Vegetation changes of communities containing medusahead (Taeniatherum asperum (Sim.) Nevski) following herbicide, grazing, and mowing treatments Public Deposited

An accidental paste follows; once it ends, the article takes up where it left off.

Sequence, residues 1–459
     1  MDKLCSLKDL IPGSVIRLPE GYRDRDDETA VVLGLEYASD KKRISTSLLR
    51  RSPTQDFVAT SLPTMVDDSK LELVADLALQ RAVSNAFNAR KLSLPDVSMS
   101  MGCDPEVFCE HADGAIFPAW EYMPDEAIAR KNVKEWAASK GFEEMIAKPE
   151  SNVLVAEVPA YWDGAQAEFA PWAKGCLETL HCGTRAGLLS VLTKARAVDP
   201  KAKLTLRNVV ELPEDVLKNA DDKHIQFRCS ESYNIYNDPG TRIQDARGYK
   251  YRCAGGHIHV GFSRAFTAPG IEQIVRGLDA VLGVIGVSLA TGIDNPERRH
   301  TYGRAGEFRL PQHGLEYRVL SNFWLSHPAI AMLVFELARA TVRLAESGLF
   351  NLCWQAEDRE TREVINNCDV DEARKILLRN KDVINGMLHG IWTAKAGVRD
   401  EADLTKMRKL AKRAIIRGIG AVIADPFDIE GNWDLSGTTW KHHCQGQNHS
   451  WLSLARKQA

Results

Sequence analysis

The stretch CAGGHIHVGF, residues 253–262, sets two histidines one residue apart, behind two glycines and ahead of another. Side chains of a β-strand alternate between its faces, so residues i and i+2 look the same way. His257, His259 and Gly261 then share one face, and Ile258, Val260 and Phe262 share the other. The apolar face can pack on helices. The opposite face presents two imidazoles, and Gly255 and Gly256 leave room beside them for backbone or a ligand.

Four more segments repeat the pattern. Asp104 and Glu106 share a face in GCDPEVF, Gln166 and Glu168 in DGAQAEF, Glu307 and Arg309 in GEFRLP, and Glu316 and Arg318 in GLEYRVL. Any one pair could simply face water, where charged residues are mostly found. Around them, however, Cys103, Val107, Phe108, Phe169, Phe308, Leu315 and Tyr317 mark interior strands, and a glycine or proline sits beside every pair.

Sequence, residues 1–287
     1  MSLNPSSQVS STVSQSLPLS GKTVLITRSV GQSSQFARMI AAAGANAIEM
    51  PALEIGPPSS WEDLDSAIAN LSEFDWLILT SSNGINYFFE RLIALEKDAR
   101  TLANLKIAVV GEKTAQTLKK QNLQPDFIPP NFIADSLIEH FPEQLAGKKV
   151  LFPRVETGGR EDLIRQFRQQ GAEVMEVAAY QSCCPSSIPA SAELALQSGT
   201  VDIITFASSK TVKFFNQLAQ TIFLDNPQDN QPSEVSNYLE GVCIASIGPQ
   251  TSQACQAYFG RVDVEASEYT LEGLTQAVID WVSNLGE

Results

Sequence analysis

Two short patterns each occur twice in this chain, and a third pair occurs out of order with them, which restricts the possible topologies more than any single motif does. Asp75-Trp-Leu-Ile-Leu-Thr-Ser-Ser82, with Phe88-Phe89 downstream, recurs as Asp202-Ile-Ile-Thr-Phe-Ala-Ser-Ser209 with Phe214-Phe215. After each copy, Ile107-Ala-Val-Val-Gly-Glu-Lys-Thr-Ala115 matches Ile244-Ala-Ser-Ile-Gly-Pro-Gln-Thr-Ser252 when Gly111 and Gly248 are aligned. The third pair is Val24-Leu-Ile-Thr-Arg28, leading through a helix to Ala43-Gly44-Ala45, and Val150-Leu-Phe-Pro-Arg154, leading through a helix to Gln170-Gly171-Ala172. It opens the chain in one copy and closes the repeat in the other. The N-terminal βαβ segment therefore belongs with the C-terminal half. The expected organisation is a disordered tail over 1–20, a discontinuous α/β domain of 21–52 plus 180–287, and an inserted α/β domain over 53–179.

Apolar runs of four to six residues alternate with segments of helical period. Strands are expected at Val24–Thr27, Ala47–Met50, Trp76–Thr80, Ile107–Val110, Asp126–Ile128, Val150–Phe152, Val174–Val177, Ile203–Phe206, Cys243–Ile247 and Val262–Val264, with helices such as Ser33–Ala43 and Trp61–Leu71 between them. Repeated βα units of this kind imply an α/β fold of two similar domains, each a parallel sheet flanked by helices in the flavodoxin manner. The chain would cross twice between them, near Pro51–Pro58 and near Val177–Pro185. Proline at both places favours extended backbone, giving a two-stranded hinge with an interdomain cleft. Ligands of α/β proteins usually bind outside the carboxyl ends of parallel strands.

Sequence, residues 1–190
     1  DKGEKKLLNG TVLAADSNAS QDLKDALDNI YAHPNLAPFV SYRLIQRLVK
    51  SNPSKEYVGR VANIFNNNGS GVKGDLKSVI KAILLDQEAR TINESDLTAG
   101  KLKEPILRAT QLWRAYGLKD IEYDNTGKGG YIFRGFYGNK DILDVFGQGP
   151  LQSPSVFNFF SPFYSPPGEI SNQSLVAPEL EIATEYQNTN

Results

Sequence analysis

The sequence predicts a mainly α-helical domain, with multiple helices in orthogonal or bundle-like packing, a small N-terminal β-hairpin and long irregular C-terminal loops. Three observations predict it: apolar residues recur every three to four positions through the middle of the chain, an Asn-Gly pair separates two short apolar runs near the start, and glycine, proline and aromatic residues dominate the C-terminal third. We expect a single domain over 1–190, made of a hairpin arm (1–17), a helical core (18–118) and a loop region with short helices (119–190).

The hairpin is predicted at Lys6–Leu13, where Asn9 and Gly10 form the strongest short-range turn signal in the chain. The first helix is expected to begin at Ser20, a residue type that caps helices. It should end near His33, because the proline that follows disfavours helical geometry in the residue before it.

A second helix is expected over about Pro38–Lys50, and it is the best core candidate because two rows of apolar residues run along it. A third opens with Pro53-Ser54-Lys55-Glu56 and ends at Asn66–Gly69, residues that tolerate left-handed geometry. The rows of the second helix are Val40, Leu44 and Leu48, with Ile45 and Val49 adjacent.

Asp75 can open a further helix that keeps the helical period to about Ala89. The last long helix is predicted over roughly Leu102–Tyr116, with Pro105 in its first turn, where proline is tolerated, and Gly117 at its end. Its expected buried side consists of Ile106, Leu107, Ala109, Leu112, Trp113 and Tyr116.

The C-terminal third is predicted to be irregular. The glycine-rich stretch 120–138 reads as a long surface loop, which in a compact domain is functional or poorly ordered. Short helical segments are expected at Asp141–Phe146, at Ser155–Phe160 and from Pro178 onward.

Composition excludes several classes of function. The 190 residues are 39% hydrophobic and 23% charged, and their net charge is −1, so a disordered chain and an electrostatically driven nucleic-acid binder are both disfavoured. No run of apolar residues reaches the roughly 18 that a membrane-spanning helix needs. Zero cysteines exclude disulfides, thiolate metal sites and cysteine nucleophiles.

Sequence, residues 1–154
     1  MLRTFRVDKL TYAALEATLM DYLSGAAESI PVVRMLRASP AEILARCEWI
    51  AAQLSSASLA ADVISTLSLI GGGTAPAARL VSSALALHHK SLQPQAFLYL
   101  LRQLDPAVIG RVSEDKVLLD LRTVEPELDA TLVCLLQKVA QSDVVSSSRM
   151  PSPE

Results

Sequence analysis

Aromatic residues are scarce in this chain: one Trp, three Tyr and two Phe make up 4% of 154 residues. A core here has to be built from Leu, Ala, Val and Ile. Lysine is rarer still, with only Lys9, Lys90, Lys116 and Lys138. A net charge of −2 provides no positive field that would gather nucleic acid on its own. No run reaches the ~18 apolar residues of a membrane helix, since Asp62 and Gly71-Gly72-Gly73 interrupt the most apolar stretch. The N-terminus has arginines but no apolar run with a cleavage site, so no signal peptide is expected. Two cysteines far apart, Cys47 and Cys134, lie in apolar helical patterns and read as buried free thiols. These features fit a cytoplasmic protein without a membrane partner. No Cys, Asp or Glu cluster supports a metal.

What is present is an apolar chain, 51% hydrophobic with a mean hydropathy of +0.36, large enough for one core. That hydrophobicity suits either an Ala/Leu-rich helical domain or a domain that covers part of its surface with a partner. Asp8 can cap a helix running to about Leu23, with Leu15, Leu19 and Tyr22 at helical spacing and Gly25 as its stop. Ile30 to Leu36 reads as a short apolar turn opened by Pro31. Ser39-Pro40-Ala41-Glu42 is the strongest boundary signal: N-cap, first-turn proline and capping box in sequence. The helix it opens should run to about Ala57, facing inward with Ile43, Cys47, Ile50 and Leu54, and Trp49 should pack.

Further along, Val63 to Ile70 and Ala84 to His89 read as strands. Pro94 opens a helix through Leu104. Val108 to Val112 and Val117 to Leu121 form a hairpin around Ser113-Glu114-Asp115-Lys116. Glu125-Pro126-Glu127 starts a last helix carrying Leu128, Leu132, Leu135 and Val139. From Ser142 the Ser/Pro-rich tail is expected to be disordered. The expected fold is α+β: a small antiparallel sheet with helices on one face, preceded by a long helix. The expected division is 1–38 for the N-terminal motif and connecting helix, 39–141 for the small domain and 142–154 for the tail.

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  • Studies were conducted from 1962 to 1966 to investigate the effectiveness of several practices in manipulating medusahead (Taeniatherum asperum (Sim. ) Nevski) infested and/or dominated ecosystems by releasing competition in favor of perennial grasses. Several herbicide treatments were evaluated for selective control of medusahead and cheatgrass (Bromus tectorum L. ) and the subsequent release from competition of perennial grasses on deteriorated sagebrush (Artemisia tridentata Nutt. ) /bluebunch wheatgrass (Agropyron spicatum (Pursh) Scribn. and Smith) range in the Snake River hills of eastern Oregon. On foothill range in western Oregon, sheep grazing and mowing treatments were applied in attempt to selectively control medusahead dominance in favor of suppressed perennial grasses, primarily California oatgrass (Danthonia californica Boland). Effectiveness of all treatments, including control, was evaluated by measuring vegetative changes in species density, reproductive vigor, and plant bulk, and interpreting these in terms of plant succession. Herbicides were applied in spring and fall, 1962 and spring, 1963. Annual vegetation and the small, tufted perennial Sandberg's bluegrass (Poa secunda Presl. ) were measured for frequency of occurrence in 50 nested plots of 2²-inch and 1²-foot quadrat sizes, randomized in 8 by 50-foot macroplots (8 by 25 feet at one site) four times for each treatment at each of three experimental sites. For perennials, frequency was measured in 1²-foot quadrats only, and in addition, percent canopy cover was determined. Frequency measurements were taken from 1963 to 1966 at one site and 1964 to 1966 at two other sites. Canopy cover measurements were excluded in 1966 due to extreme drought-and foraging by grasshoppers. Much variation occurred for annual species due to climatic conditions and herbicide treatments. Cheatgrass was dense and vigorous only in 1963. Medusahead was more sparse and patchy but made vigorous growth in 1963, 1964, and 1965. Being about three weeks later in phenology than cheatgrass, medusahead was able to benefit from late spring precipitation in 1964 and 1965. Both were practically absent in 1966 from drought. Fiddleneck (Amsinckia intermedia Fisch. and Mey) and sunflower (Helianthus annuus L. ) were the dominant annuals in 1964 and 1965, except where medusahead was co-dominant in patches. Frequencies of Sandberg's bluegrass were higher in 1963 but lower and static the remaining years. Herbicides isocil and atrazine at rates of 1 and 2 lb/acre reduced Sandberg's bluegrass to low frequencies. Under different environmental conditions, atrazine, at rates of 1/2 and 3/4 lb/acre, harmed bluegrass to only a small degree. Sandberg's bluegrass was resistant to bromacil at a rate of 1/2 lb/acre, whereas the closely related herbicide, isocil, was quite harmful. Atrazine increased vigor, height, and number of reproductive stems of bluebunch wheatgrass for three consecutive years following application. Wheatgrass plants responded to atrazine as if they had received a nitrogen fertilizer treatment. This was manifested by darker green, denser, and leafier clumps than those observed in other treatments. Atrazine, at rates of 1/2 to 2 lb/acre, caused no apparent injury to bluebunch wheatgrass. Since atrazine is most harmful at the seed ling stage, young seedlings perhaps were killed from residual atrazine. Other factors such as grasshoppers, poor seed crops, and inadequate climatic conditions could have contributed in part, or solely, to static wheatgrass frequencies during the period of study. In western Oregon, sheep grazing treatments in mid April, mid April - followed by late May, and late May; and mowing treatments in mid April and mid April - followed by late May were applied from 1963 to 1965 on randomized 1/20-acre paddocks, replicated three times. Frequency of all species were measured following treatment each year and in 1966 in 50 nested plots of 2²-inch, 6²-inch, and 1²-foot quadrat sizes. Basal area of California oatgrass, yields of medusahead, oatgrass, other herbage, and total herbage were measured in 1966 for all treatments. From relationships of vegetation data and habitat factors of soil, degree of slope, and exposure, two distinct ecological sites were noted at the main study area at the Hill Pasture. These were referred to as the mesic site and xeric site. Frequencies of medusahead and California oatgrass were higher on the xeric and mesic site, respectively. The early-late grazing was highly effective on both the xeric and mesic site for utilizing medusahead. The late grazing was effective on the mesic site but extremely poor on the xeric, even with heavier grazing pressure applied. Medusahead had a high density in 1966 on paddocks where both treatments had been applied, and was again dominant. The early-late mowing effectively reduced medusahead to near absence, improved California oatgrass vegetative and reproductive vigor markedly, and shifted dominance to California oatgrass. Low frequencies of medusahead were recorded in 1966. The early grazing and early mowing were both ineffective for reducing medusahead frequencies each year. Medusahead was readily consumed when grazed early. This reduced the buildup of litter to some extent. Vegetation-habitat relationships were investigated at 12 other hill range sites along the western edge of the Willamette Valley and were related to the mesic and xeric sites at the Hill Pasture. Under conditions of the treatments applied, results of the Hill Pasture study could be extrapolated to all but two of the 12 sites as a means of gaining rapid range improvement.
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